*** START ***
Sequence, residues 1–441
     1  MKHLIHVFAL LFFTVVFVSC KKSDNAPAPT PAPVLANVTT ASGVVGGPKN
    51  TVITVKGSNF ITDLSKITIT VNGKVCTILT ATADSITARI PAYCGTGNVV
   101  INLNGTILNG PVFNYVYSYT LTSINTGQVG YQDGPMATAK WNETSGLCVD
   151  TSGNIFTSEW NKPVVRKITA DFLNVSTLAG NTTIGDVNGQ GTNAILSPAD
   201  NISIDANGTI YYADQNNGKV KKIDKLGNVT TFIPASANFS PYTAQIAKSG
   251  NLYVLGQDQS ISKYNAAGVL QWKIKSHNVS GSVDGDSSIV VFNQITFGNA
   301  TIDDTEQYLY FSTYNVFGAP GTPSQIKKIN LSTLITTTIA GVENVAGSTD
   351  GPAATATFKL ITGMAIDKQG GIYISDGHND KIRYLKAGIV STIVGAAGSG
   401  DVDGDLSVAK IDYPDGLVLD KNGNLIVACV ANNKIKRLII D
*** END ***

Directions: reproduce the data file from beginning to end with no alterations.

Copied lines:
Sequence, residues 1–441
     1  MKHLIHVFAL LFFTVVFVSC KKSDNAPAPT PAPVLANVTT ASGVVGGPKN
    51  TVITVKGSNF ITDLSKITIT VNGKVCTILT ATADSITARI PAYCGTGNVV
   101  INLNGTILNG PVFNYVYSYT LTSINTGQVG YQDGPMATAK WNETSGLCVD
   151  TSGNIFTSEW NKPVVRKITA DFLNVSTLAG NTTIGDVNGQ GTNAILSPAD
   201  NISIDANGTI YYADQNNGKV KKIDKLGNVT TFIPASANFS PYTAQIAKSG
   251  NLYVLGQDQS ISKYNAAGVL QWKIKSHNVS GSVDGDSSIV VFNQITFGNA
   301  TIDDTEQYLY FSTYNVFGAP GTPSQIKKIN LSTLITTTIA GVENVAGSTD
   351  GPAATATFKL ITGMAIDKQG GIYISDGHND KIRYLKAGIV STIVGAAGSG
   401  DVDGDLSVAK IDYPDGLVLD KNGNLIVACV ANNKIKRLII D